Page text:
History of Dimnent Memorial Chapel
Dimnent Memorial Chapel is the most prominent landmark on Hope College’s campus. The chapel is used as the location for The Gathering, weekly chapel and other all-college assemblies and convocations, and the ground floor contains classrooms.
The beautiful Gothic structure was completed in 1929 and dedicated as Hope Memorial Chapel. It was renamed Dimnent Memorial Chapel in 1959 to honor Dr. Edward D. Dimnent, the fifth president of Hope College, who spearheaded construction effort. The construction cost was $404,000. Dimnent was designed by the same architect who designed Graves Hall.
The cornerstone is engraved with the college motto, Spera in Deo: Hope in God.
Dimnent Memorial Chapel has some of the most impressive stained glass windows in Michigan. The glass was imported from France and Italy and constructed by the Hardy Payne Studios in Paterson, New Jersey, and installed during building construction.
The beautiful rose window, a gift from the Hope College Class of 1916 and constructed at a cost of $4,000, is located on the west wall above the balcony; it contains three rows of petals. A major preservation and restoration of the stained glass windows happened in 2000.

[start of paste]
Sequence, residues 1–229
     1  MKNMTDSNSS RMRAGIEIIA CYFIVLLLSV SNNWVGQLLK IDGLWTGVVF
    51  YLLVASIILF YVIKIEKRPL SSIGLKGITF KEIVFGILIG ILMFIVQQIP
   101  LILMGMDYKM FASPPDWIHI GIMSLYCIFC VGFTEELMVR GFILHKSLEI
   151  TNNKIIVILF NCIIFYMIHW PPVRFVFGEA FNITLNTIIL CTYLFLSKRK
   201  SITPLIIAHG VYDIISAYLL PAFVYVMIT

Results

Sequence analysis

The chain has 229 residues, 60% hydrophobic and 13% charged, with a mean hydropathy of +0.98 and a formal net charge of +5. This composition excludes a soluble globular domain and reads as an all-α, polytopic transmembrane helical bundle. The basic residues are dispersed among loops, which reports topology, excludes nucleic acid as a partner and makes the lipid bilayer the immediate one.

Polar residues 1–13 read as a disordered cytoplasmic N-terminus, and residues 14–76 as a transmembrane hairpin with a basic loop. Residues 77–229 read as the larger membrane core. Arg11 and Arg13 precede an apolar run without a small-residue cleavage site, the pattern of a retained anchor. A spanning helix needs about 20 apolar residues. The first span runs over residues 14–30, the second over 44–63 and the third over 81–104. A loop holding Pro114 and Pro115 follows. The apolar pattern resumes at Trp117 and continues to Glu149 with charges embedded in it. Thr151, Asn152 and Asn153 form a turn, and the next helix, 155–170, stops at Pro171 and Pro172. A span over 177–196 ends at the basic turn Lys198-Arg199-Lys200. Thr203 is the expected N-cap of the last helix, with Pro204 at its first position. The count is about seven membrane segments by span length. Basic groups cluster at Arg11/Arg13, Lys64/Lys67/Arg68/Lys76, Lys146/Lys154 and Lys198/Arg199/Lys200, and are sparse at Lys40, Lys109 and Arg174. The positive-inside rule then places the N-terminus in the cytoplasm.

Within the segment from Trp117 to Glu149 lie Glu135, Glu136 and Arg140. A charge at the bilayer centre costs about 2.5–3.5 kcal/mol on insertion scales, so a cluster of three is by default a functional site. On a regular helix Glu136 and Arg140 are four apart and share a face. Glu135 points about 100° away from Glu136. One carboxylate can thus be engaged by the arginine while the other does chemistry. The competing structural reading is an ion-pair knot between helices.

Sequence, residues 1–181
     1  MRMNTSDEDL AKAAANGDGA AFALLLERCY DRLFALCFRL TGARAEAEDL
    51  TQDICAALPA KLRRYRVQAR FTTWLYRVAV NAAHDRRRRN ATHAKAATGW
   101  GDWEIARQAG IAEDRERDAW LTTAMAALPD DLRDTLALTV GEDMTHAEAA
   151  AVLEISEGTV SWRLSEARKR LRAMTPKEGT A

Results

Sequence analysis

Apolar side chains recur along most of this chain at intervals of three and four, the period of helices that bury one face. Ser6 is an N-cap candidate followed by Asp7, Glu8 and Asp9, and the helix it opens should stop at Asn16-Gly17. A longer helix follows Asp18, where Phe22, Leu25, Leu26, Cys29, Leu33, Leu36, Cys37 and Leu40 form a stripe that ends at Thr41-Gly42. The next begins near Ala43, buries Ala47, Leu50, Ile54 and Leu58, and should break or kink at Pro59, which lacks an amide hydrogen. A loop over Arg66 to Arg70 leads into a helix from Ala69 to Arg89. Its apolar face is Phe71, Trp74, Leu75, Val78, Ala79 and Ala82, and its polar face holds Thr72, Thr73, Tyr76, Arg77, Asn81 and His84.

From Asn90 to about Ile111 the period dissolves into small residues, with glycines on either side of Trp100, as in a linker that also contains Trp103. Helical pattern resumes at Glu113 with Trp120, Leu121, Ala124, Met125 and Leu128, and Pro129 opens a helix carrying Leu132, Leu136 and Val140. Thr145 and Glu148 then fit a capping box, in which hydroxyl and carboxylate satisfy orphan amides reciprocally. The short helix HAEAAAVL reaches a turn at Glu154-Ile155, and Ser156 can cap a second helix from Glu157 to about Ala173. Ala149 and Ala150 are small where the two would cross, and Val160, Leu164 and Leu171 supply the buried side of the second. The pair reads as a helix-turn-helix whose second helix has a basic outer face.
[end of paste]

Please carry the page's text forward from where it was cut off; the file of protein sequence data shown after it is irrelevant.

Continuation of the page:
Dimnent Memorial Chapel houses a recently renovated 1928 four-manual Skinner organ and a 1970 Pels & van Leeuwen gallery organ.
- The chapel seats about 1,500, originally a stretch since the college only had 434 students in 1928–29
- Dimnent was the fourth chapel used by students for worship since 1857
- The chapel is approximately 170 feet long and 65 feet wide; the height of the tower on the southwest corner is 108 feet
- The hand-carved pulpit, constructed of solid rosewood, was made in the Reformed Church Industrial School in Katpoudi, India
A new exhibition opening at the Hope College Kruizenga Art Museum on Tuesday, May 29, provides a retrospective look at the artistic career of Hope College art professor Billy Mayer, who passed away unexpectedly at age 64 in November 2017.
- Free Admission
- Kruizenga Art Museum